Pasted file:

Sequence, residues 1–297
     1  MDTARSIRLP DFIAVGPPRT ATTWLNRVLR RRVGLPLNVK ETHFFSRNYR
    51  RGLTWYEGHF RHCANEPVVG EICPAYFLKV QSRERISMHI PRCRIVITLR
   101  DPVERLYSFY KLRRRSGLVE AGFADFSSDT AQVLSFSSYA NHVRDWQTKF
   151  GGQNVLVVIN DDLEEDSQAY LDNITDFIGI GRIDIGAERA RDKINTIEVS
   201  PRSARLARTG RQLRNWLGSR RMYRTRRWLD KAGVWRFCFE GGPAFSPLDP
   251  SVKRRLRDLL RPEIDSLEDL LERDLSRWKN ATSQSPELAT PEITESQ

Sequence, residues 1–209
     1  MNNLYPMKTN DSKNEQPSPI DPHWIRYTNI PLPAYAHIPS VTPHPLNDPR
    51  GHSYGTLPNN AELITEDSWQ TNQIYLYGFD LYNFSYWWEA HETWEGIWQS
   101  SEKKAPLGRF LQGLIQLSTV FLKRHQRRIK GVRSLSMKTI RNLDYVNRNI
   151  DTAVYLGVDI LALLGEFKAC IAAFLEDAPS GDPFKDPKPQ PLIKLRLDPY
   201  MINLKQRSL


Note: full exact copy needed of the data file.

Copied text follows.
Sequence, residues 1–297
     1  MDTARSIRLP DFIAVGPPRT ATTWLNRVLR RRVGLPLNVK ETHFFSRNYR
    51  RGLTWYEGHF RHCANEPVVG EICPAYFLKV QSRERISMHI PRCRIVITLR
   101  DPVERLYSFY KLRRRSGLVE AGFADFSSDT AQVLSFSSYA NHVRDWQTKF
   151  GGQNVLVVIN DDLEEDSQAY LDNITDFIGI GRIDIGAERA RDKINTIEVS
   201  PRSARLARTG RQLRNWLGSR RMYRTRRWLD KAGVWRFCFE GGPAFSPLDP
   251  SVKRRLRDLL RPEIDSLEDL LERDLSRWKN ATSQSPELAT PEITESQ

Sequence, residues 1–209
     1  MNNLYPMKTN DSKNEQPSPI DPHWIRYTNI PLPAYAHIPS VTPHPLNDPR
    51  GHSYGTLPNN AELITEDSWQ TNQIYLYGFD LYNFSYWWEA HETWEGIWQS
   101  SEKKAPLGRF LQGLIQLSTV FLKRHQRRIK GVRSLSMKTI RNLDYVNRNI
   151  DTAVYLGVDI LALLGEFKAC IAAFLEDAPS GDPFKDPKPQ PLIKLRLDPY
   201  MINLKQRSL